One hundred years ago, the New York Dadaists self-published two editions of a small art journal called The Blind Man — a title chosen to satirize the general public’s impaired vision when it came to seeing radical modernist art. Edited by the journal’s founders Marcel Duchamp, Beatrice Wood, and Henri-Pierre Roché, this seriously funny community rag contained contributions from the three editors, along with Mina Loy, Walter Conrad Arensberg, Francis Picabia, Gabrièle Buffet-Picabia, Allen Norton, Clara Tice, Alfred Stieglitz, Charles Demuth, Charles Duncan, Erik Satie, Carl Van Vechten and Louise Norton. As part of the Dada centennial celebrations, the admirably agile non-profit has published a 1000-copy, boxed-set, limited-edition facsimile of the two editions of The Blind Man. Meticulously edited and introduced by Sophie Seita, it is called The Blind Man: New York Dada, 1917.
Also included in the boxed set is a copy of Rongwrong that briefly appeared in May of 1917, following the early demise of The Blind Man (which ended as a result of a Roché losing an infamous chess match to Picabia). Also edited by Duchamp, Roché, and Wood, Rongwrong contains contributions from Arensberg’s circle of writers included in Others: A Magazine of the New Verse. The Rongwrong title is a printer’s error (it should have been Wrongwrong) which Duchamp gaily accepted with his spirit of welcoming chance operations. Every Dadaphile with an eternal gaze needs The Blind Man: New York Dada, 1917.
Also included in the boxed set are facsimile reprints of the pun-heavy Ridgefield Gazook, a four-page, hand-drawn newsletter, written and edited by Man Ray, and the striking poster for the Bohemian fête Blind Man’s Ball at the East Village’s Webster Hall designed by Wood to raise money for The Blind Man. Additionally, The Blind Man: New York Dada, 1917 contains a highly useful and amusing booklet of translations by Elizabeth Zuba of all the French texts and free verse poems in The Blind Man and Rongwrong. These include the “domesticated disquiet” of Picabia’s peculiar poem Platfonds Creux (Empty Rafters).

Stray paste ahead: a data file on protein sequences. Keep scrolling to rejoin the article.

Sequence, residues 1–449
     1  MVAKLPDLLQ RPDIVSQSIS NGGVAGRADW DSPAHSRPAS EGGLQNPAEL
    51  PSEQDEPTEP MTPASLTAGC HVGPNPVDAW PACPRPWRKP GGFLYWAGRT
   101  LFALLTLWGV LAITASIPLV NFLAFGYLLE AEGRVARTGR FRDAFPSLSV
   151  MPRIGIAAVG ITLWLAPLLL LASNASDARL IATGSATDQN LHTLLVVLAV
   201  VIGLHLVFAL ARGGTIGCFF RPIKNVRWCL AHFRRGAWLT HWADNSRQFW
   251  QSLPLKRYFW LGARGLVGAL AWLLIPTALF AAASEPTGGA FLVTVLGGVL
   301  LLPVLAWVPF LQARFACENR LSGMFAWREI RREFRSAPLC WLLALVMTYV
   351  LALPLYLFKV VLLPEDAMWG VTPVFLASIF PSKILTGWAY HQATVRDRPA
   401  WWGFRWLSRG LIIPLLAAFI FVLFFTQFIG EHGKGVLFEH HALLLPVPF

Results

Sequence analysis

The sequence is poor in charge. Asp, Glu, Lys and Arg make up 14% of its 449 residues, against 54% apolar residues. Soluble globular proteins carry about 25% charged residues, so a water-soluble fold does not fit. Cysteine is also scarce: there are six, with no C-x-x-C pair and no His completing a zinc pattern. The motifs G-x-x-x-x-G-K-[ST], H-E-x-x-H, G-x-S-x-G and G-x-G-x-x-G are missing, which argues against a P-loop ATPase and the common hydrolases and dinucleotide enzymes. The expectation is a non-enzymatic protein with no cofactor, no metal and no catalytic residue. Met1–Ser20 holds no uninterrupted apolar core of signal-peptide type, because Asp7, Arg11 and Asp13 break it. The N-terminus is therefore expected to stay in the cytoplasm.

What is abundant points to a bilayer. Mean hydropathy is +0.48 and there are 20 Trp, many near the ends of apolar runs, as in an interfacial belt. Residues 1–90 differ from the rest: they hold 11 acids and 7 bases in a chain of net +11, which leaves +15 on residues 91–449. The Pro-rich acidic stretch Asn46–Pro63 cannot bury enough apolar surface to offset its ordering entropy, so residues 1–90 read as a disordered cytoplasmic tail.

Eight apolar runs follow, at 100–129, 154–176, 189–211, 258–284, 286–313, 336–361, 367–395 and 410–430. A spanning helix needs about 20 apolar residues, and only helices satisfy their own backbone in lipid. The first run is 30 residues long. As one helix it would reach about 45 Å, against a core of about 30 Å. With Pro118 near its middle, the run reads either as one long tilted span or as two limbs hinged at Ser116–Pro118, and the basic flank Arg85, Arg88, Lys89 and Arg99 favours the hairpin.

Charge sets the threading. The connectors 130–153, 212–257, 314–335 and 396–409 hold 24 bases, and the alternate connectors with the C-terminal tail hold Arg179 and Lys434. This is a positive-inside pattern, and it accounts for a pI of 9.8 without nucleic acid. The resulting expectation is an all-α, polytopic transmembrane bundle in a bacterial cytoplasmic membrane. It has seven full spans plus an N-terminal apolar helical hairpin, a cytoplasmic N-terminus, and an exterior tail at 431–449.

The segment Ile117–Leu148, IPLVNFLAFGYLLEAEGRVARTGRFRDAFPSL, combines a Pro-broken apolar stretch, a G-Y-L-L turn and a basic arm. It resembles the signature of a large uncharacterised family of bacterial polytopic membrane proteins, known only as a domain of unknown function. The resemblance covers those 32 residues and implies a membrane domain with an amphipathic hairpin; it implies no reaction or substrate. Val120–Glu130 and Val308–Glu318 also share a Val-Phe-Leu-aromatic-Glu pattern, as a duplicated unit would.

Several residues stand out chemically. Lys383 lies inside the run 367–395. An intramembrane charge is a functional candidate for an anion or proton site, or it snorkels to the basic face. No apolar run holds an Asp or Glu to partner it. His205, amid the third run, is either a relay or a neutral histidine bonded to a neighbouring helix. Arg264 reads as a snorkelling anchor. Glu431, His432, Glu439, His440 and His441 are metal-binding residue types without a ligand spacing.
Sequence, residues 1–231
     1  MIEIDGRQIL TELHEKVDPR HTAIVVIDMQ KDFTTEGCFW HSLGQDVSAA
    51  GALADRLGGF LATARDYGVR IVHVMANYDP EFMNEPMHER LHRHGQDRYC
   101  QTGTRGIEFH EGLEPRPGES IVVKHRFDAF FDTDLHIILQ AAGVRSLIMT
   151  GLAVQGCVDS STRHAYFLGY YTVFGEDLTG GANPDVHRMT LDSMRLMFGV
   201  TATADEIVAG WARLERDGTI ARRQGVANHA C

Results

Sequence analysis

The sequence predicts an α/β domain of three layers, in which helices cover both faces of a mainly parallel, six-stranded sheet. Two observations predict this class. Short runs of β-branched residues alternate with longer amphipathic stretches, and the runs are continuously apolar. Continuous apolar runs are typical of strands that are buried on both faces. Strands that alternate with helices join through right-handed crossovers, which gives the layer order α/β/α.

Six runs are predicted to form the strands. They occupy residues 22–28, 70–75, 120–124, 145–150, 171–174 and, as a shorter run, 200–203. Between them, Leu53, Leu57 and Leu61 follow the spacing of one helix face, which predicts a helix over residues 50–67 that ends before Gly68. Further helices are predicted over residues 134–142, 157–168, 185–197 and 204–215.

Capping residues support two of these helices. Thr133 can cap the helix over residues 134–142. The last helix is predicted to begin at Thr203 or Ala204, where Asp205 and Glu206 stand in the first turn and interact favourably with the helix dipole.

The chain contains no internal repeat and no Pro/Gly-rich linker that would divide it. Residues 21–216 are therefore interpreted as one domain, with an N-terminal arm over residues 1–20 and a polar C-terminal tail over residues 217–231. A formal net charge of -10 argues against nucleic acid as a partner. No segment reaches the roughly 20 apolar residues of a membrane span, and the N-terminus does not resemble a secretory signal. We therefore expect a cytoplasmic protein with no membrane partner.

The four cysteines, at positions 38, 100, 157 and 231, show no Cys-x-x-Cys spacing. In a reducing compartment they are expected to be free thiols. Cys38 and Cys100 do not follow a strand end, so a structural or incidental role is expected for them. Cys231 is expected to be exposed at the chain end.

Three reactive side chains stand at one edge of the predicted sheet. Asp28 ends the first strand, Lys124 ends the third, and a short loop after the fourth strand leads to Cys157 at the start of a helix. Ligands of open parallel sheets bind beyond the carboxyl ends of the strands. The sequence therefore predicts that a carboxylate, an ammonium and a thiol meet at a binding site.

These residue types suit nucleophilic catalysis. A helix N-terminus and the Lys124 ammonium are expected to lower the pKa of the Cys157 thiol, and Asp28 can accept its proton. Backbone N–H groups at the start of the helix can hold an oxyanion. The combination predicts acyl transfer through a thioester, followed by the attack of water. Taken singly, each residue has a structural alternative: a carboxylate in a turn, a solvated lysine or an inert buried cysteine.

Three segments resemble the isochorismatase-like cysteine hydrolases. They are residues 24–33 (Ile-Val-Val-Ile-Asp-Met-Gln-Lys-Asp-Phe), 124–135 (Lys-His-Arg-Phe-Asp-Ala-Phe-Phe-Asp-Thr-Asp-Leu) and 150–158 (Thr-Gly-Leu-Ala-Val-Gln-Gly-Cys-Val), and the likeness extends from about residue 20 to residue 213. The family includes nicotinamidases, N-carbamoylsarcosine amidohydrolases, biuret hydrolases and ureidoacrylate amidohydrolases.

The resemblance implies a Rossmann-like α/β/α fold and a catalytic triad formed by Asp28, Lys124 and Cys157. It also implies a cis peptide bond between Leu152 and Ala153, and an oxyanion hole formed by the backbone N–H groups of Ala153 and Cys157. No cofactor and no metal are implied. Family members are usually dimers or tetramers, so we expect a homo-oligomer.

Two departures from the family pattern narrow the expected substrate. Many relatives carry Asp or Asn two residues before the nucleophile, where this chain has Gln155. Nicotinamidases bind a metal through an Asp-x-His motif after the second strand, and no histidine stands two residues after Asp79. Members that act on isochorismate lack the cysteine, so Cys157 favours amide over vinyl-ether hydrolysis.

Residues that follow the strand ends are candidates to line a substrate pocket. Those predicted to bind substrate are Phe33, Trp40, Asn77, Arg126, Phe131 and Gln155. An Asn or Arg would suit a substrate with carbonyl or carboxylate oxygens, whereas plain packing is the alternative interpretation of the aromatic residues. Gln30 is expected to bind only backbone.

The Blind Man No. 2, which came out a month after The Blind Man No. 1 was published in April, 1917, is the real treasure here. The cover presents a reproduction of one of Duchamp’s paintings “Chocolate Grinder (No. 2)” (1914) from the collection of Louise and Walter Arensberg. The image is a symbol for male onanism that metaphorically replaces the male genital system with the rotating drums of the chocolate grinder Duchamp discovered in a confectioner’s window in Rouen in 1913. The grinding machine reappears several times in Duchamp’s work, most notably in the lower section of his erotic masterpiece “The Bride Stripped Bare by Her Bachelors, Even” (1915–1923) a.k.a. “The Large Glass.”
This second (and last) issue was launched following the opening of the Society of Independent Artists’ 1917 exhibition — based on the French Société des Artistes Indépendants — and contains the tale of the rejection of Duchamp’s infamous “Fountain” (1917): a banal porcelain urinal that Duchamp signed with the nom de plume “R. Mutt” and submitted as sculpture. This ultimate expression of the Dada spirit and a major landmark in 20th-century art may have in fact been partially instigated by the outrageous artist and poet Baroness Elsa von Freytag-Loringhoven. Certainly it is considered a complimentary companion to her “God” (1917) objet trouvé sculpture that she was assisted in making by painter and photographer Morton Livingston Schamberg. Page four of this issue features Stieglitz’s photograph of “Fountain” that he roguishly homo-eroticized by placing it in front of Marsden Hartley’s rumpus painting “The Warriors” (1913).
Pages five and six contain “The Richard Mutt Case” text which discusses the rejection of Duchamp’s entry. Also included in this issue were contributions by Loy, Arensberg, Buffet-Picabia, and Picabia. In addition to the regular run of The Blind Man No. 2, fifty special-edition copies were printed on imitation Japanese paper and numbered and signed by Wood as an additional fund raiser.
Within four years, by the end of 1921, Dada came to an end in New York, leaving behind the few remnants like The Blind Man in which we may take pleasure to this day. Most of its original coterie departed for Paris, where Dada was enjoying its volatile culmination.